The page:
Column: Holdout is a battle the Chargers’ Melvin Gordon can’t win; just hope he finds peace

Chargers running back Melvin Gordon rushes during the second half against the Denver Broncos in Denver.
Running back Melvin Gordon has virtually no leverage in his contract dispute with the Chargers.
(David Zalubowski / Associated Press)

The declaration was something a running back in a contract dispute would like to hear from his quarterback.

“I know Melvin knows that I’m pulling for him,” Philip Rivers said.

The words of encouragement to Melvin Gordon concealed the wisdom that was dispensed immediately after.


“You want him to feel great and you want him to be at peace with how it all ends, and hopefully it’s right here,” Rivers said.

You want him to feel great.

You want him to be at peace.

Because that’s the most Gordon can realistically expect to gain from his holdout, which is now in its fourth week.

Gordon won’t win. He can’t win.

No one can.

This isn’t about right or wrong. This is about reality, and the reality is that the rules outlined in the collective bargaining agreement won’t allow a player in his position to triumph.

By refusing to participate in training camp, Gordon is making a statement more than he is exercising his leverage, which, to be clear, is practically nonexistent.

The Chargers will politely listen to him. They will nod. They will say they understand. They will continue to profess their love for him. And, ultimately, they will pay him what they want to pay him.

The Los Angeles Chargers ranked last in the NFL in touchback average last season. Kicker Michael Badgley is hoping to change that in 2019.

The hope is that the two sides can reach an agreement without Gordon developing the kind of resentment toward the franchise that could diminish his performance. Structure the deal so that Gordon can look as if he won something or whatnot.

Why Gordon would demand a long-term extension is entirely understandable. He plays a physically demanding position. He will be at the peak of his powers for only so long.

But why the Chargers are balking at his demands also makes sense. As the NFL has become a passing league, the perceived value of running backs has decreased. Also, this: The Chargers don’t have to give in to him.

Gordon is scheduled to earn $5.6 million this season in the fifth-year option of his rookie contract. He can’t skip the season and become a free agent, as Le’Veon Bell did last year. If Gordon refuses to play this year, he will be in the same exact situation next year as he is now.

When his rookie contract expires, the Chargers can retain him for two more seasons by placing a franchise tag on him. His salary would double, but he wouldn’t get the long-term security that he wants.

So he’s stuck.

His agent confirmed to Jeff Miller of The Times that he would demand a trade if he doesn’t get a new contract, but the Chargers almost certainly won’t trade him under such compromised circumstances. The return would be minimal, as the Chargers would be dealing from a position of weakness, especially since the team to which Gordon would be traded would presumably have to sign him to a new contract.

About the only recourse Gordon has would be to appeal to the public. But management has trampled over the players in the public-relations war, so much so that fans are typically inclined to side with the team in situations like this, even when the team has owners as reviled as the Spanos family.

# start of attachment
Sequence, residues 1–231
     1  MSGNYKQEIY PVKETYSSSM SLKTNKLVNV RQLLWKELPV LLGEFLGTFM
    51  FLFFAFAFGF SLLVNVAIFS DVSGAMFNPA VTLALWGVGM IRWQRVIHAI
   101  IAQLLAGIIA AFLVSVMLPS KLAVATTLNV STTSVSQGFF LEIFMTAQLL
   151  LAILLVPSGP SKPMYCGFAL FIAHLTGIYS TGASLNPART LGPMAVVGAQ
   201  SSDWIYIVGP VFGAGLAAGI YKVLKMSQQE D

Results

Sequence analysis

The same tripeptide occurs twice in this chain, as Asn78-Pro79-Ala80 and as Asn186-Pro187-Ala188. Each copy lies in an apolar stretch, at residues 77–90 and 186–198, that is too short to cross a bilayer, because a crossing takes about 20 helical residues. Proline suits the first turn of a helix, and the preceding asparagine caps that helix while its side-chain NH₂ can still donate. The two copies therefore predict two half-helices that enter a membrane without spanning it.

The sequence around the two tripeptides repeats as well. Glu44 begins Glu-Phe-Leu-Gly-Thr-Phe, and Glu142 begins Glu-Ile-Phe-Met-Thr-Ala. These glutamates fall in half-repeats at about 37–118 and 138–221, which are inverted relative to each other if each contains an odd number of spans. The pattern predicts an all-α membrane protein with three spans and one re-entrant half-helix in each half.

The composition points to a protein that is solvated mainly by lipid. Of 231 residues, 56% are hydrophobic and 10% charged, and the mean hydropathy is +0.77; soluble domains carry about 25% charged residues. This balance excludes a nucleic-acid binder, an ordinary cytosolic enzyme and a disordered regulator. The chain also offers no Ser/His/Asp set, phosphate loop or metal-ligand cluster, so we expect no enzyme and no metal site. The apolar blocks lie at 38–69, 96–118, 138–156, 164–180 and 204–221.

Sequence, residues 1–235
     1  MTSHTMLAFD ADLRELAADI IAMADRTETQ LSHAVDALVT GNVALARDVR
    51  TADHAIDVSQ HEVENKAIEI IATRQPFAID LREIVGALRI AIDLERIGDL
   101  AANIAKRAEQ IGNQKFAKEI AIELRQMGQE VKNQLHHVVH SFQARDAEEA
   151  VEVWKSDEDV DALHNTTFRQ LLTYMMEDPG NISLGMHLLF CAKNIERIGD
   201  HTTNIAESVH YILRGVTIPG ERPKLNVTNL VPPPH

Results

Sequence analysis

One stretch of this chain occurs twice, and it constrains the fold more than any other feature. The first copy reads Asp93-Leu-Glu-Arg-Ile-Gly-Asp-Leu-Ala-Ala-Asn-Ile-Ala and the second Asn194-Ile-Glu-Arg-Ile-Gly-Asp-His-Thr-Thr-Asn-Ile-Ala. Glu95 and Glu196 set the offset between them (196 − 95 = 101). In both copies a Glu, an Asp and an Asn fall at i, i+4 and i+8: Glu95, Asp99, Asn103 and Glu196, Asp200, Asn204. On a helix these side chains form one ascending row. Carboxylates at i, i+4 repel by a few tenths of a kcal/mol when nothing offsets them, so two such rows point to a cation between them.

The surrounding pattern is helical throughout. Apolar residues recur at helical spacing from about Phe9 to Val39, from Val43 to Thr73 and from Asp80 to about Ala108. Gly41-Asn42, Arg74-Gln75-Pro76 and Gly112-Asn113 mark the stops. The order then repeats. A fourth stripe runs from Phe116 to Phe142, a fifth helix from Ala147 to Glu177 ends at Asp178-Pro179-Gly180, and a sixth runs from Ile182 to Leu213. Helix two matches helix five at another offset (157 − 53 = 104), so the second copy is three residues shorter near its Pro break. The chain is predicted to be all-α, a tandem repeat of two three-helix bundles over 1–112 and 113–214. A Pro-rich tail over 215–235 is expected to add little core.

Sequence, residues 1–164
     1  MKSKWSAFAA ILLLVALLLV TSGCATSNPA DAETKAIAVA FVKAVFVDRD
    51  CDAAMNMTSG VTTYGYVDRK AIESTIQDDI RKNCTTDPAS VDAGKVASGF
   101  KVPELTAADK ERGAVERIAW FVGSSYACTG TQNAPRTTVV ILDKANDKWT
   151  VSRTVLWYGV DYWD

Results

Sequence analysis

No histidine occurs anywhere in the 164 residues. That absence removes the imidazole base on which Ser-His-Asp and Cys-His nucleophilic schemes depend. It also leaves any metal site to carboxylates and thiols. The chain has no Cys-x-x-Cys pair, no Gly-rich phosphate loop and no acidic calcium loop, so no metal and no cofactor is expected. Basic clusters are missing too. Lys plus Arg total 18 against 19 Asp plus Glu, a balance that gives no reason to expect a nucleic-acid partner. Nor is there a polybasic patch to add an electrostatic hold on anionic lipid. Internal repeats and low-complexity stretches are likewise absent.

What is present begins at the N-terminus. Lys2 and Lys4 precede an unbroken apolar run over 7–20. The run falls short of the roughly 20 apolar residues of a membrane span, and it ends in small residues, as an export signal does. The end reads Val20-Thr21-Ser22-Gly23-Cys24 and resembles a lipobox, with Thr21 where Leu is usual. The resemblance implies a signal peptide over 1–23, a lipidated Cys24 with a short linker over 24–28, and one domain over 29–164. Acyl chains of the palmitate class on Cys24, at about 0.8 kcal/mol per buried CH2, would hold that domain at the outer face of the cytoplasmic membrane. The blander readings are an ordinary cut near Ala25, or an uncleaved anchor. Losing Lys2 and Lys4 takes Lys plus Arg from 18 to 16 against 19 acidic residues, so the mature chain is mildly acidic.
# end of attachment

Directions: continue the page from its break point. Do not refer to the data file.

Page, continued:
The salary cap is part of the PR machine. The fans of today are mindful of their team’s long-term well-being. They would rather a player be shortchanged than their team enter into a deal that would compromise its future.

In short, Gordon can’t count on the public to pressure the Chargers into giving him the contract he wants.

Artavis Scott, unable to play in an NFL game in first two seasons, is trying to win a wide receiver position on the Chargers.

Gordon is required to report before Week 11 to be credited for playing this season, meaning that figures to be the very latest he joins the team. That he would wait that long seems unlikely, as doing so could have significant financial ramifications. As it is, the Chargers are entitled to fine him $30,000 for every day of training camp missed, as well as a week’s worth of regular-season pay for every preseason game missed.

Which could explain why Chargers coach Anthony Lynn didn’t look or sound particularly concerned when asked about Gordon’s absence.

“It’ll work itself out,” said Lynn, who also mentioned that based on what he knows about Gordon’s work habits, he expects him to be in shape whenever he reports.

As a former running back, Lynn said he understood Gordon’s position. Gordon’s teammates said they did too.

Rivers complimented Gordon for how hard he plays.

“Offensive linemen love seeing a guy fight for every inch, and he’s that way,” Rivers said. “Quarterbacks love it as well. Also, he sells himself out and throws his body in harm’s way to protect, not only catch out of the backfield but to protect. Then, he’s great off the field. He is always smiling, laughing. He is always around the guys. I think the guys appreciate that. We want Melvin back.”

Cornerback Casey Hayward, who said he speaks to Gordon three times a week, said he wanted to see Gordon get what he was asking for.

“How can I tell him to come if he feels like he deserves this?” Hayward said. “I feel like I deserved what I got. I’m pretty sure nobody would say, ‘No, he didn’t.’ For a brother like Melvin, he deserves what he wants to get and what he’s worked hard for.”

At the same time, Hayward also spoke optimistically about Gordon’s return, referring to a workout video the Pro Bowl running back posted on a social media account.

“I think that shows that hopefully he’ll be back sooner than later,” Hayward said.

Common sense shows that, too. The mystery isn’t whether Gordon will return, but, as Rivers intimated, how he will feel when he does.